“We have known about the undertreatment of women for some time and many of us have supported efforts to reverse this, but despite that, disparities remain,” said Karol Watson, MD, PhD (David Geffen School of Medicine at UCLA, Los Angeles), who was not involved in the study. “And one of the things we are seeing now is that outcomes among young women are getting worse rather than better.”  

Avinainder Singh, MD (Yale University School of Medicine, New Haven, CT), who also commented on the findings, has published on the characteristics, management, and outcomes of patients who experience an MI at a young age in the YOUNG-MI registry. He said it’s now well documented that women are undertreated compared with men and that overall, for both groups, secondary prevention care appears to be lacking.

We need to go outside our usual thinking to look at social determinants of health as well. Salim Virani

“In general, patients in the VA do tend to get better care because it’s a closed loop system, most of the care is free, and they have long, trusting relationships with their physicians for the most part,” said Singh. “So this is real-world data in a closed healthcare system, and yet the numbers for medication use, such as for statins, are just abysmal. It pains me, because these are patients who are declaring themselves out in the world: ‘Hey, we’re the youngest, highest-risk patients for cardiovascular events. A heart attack, stroke, or heart failure will completely change my life, and this is an opportunity for you to treat me.’ And yet, we’re just letting these patients slip away.”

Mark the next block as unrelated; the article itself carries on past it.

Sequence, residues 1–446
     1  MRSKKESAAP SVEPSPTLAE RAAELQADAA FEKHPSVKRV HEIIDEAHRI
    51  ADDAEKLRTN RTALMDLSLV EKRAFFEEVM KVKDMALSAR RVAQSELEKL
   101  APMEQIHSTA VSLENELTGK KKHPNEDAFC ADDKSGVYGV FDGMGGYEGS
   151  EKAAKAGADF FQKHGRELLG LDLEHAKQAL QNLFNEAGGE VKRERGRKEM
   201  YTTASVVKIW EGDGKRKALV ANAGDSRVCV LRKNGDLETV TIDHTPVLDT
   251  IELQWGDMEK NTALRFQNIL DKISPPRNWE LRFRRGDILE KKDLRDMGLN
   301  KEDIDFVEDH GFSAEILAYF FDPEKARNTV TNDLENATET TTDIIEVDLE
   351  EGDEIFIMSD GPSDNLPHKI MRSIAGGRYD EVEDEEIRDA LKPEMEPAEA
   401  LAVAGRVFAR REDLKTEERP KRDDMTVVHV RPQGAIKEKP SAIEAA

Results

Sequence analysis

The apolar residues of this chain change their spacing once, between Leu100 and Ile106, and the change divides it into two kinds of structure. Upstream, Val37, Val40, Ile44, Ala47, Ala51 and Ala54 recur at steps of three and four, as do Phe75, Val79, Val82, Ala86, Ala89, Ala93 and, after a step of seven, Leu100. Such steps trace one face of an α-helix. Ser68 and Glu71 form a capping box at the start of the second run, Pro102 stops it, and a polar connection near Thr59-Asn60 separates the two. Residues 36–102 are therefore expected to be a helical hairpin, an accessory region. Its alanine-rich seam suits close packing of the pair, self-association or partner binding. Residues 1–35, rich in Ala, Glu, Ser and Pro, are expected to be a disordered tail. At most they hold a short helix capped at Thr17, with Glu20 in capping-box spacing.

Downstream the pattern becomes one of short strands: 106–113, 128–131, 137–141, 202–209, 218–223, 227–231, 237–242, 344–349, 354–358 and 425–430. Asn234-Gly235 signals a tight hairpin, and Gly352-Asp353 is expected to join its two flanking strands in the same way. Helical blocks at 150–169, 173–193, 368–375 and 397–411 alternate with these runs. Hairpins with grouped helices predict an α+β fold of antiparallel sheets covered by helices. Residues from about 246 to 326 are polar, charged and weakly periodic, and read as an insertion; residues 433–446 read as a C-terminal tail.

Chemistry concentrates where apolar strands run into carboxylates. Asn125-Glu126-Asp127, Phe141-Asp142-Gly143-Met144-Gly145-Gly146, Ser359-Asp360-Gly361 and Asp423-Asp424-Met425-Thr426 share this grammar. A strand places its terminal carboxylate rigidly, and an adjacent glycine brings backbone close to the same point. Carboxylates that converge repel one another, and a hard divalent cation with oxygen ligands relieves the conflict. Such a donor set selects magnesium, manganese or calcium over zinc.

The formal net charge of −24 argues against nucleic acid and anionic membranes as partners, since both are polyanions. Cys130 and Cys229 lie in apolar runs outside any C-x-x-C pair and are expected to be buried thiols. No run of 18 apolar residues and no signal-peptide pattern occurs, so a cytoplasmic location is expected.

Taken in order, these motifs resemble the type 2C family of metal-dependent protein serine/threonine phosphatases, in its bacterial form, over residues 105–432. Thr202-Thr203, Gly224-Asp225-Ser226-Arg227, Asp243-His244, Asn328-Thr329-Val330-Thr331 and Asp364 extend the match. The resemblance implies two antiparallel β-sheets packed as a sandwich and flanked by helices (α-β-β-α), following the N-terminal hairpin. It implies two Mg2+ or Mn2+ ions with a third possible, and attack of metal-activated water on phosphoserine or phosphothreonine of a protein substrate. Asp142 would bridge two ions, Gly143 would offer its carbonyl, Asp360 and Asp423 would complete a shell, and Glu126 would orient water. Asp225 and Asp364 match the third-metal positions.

VITAL Registry of Premature ASCVD

The study, published April 21, 2021, in JAMA Cardiology, is an analysis of men and women in the nationwide VA healthcare system who are enrolled in the Veteran With Premature Atherosclerosis (VITAL) registry. Between 2014 and 2015, the researchers identified 147,600 veterans with premature ASCVD (ischemic heart disease, ischemic cerebrovascular disease, and peripheral artery disease), including 10,413 women and 137,187 men. Premature and extremely premature ASCVD was defined as the onset of disease in those ≤ 55 and ≤ 40 years, respectively.